The Road I Travel

With Mother’s Day hours away, I thought it would be an appropriate time to say goodbye to A Righteous Revival. I began this blog back in the summer of 2013 when it seemed like everything that could have gone wrong in my life had gone wrong. It served as a platform and medium of therapeutic outlet. My dedicated readers – you know who you are – have been supportive and encouraging these last almost four years and I hope that you will follow me on to bigger and better things at my new project.

I recently launched The Road Linds Travels to merge my two passions of writing and travel. Similar to A Righteous Revival, I continue to share my personal growth through candid stories, anecdotes, and memories. My dear Mother is still very much a large part of the motivation and subject of my posts. I believe she’d be very proud to see how far I have come since laying fetal position on the floor of my bedroom in Eternal Sunshine. I am very proud of myself.

Much of my strength is innate and learned but much of it, I got from my mama. She stressed how important it was to be a self-sufficient woman, never relying on a man’s emotional or financial support or anyone’s support for that matter. She showed me what hard work meant – the literal kind and the figurative kind that comes with simply living life. She was why I was able to remove myself from a toxic marriage, to pick myself up off of the floor that night, and keep on keepin’ on. She was a much-needed reminder in the form of an electrical wire when I wanted nothing more than to just give up. She’s forever my deepest inspiration.

With that being said, I thank you from the bottom of my heart for all the comments, dedication, and energy you all have put into following and reading A Righteous Revival over the last few years. I do hope you’ll make the transition with me and subscribe to The Road Linds Travels, as it is sure to be one hell of a journey! Much Love and peace.

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The Power of Energy

I haven’t written in quite some time for A Righteous Revival – I’ve had plenty to say but various things have stopped me from starting and finishing a post. Tomorrow marks what would be my mother’s 62nd birthday and I’d be lying if I told you I haven’t cried tonight or earlier this week when she talked to me in a dream. I’d be lying if I told you that I am okay.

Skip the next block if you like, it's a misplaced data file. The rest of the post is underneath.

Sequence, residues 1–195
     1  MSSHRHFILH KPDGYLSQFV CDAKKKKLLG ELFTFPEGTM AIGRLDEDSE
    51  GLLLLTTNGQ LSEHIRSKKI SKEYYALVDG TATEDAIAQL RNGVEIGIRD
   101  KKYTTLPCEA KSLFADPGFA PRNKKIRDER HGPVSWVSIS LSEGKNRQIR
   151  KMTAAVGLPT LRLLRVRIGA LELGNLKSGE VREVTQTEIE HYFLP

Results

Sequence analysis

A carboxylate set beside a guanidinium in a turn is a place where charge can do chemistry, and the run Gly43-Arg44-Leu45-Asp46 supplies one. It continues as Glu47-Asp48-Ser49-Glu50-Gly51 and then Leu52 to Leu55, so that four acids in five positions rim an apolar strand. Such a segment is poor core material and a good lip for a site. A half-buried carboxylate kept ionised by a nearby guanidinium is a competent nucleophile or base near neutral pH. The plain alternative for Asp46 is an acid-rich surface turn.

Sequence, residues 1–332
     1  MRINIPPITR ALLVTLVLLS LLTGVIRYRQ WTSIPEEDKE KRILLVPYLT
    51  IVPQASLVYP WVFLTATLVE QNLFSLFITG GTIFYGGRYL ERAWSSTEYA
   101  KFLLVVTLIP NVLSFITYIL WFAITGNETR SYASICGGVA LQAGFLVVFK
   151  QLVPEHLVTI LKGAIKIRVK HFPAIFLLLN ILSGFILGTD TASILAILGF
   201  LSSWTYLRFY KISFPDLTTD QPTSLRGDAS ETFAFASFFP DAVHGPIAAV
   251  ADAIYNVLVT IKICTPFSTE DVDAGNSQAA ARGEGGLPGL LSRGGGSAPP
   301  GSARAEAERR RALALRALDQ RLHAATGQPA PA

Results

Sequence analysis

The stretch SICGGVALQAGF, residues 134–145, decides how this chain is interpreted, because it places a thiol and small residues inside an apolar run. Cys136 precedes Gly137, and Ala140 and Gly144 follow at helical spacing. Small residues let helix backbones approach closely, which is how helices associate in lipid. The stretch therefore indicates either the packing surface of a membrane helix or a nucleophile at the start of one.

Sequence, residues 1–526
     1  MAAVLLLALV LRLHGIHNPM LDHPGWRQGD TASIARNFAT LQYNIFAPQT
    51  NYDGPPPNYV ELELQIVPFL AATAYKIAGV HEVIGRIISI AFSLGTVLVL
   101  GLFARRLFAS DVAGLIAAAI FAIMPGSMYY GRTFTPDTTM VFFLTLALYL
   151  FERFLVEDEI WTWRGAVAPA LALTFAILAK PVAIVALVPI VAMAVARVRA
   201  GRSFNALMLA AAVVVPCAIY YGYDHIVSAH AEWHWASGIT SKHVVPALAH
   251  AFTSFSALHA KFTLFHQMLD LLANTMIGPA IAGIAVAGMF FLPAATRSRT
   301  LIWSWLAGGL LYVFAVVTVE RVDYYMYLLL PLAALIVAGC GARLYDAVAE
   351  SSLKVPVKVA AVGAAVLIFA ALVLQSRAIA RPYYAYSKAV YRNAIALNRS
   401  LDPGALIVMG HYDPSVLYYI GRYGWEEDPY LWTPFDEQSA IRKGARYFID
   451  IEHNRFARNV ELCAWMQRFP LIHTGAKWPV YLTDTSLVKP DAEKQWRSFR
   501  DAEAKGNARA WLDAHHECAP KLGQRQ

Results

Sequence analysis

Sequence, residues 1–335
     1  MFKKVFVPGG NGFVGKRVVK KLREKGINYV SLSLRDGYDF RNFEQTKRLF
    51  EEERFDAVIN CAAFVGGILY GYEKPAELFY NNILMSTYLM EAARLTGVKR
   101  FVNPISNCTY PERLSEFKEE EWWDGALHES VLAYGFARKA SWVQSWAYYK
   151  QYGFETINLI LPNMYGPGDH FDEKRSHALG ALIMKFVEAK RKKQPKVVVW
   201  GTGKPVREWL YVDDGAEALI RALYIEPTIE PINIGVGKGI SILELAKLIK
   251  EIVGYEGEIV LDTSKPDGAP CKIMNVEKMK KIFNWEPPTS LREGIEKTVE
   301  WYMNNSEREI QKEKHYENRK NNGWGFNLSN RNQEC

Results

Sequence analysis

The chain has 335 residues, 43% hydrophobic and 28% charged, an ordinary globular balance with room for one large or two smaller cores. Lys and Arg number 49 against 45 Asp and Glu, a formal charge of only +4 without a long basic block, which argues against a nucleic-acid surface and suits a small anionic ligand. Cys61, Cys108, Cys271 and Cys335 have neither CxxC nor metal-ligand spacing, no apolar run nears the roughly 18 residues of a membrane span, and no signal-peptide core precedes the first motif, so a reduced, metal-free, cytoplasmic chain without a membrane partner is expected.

We live in a world filled with too much small talk and not enough feeling. Somewhere in history, “how are you,” went from being a sincere question that warranted an honest response to small talk that merely expects a one word answer like, “fine” or “okay.” If you actually divulge your true feelings, people become closed off and uncomfortable, wondering how their small talk made a right at the serious corner. We’re not always fine and we’re not always okay and that is okay.

Tonight, as I’m loaded up on antibiotics and over the counter painkillers as well as plenty of red wine, I remember my mother for her sincerity. I remember that every time she asked me how I am she expected a full report and if that’s not what she received, she would know it. We were that connected.

Nope. C’mon, what’s wrong? I can hear it in your voice, Linds,” she’d summon the flood, if you will.

I remember my mother for her candor. If she didn’t like something or if she was passionate about something, not a person in the room was a stranger to how my mama felt because she made it known. Sure, she apologized for it at times, but I think, as women, we grew up in a society that unfortunately taught us to do just that. I think my mother grew up in that society even more so than I did. I’ve since learned as a strong female, I should not ever apologize for strong convictions or even my presence, no matter how untimely it may be in a given situation.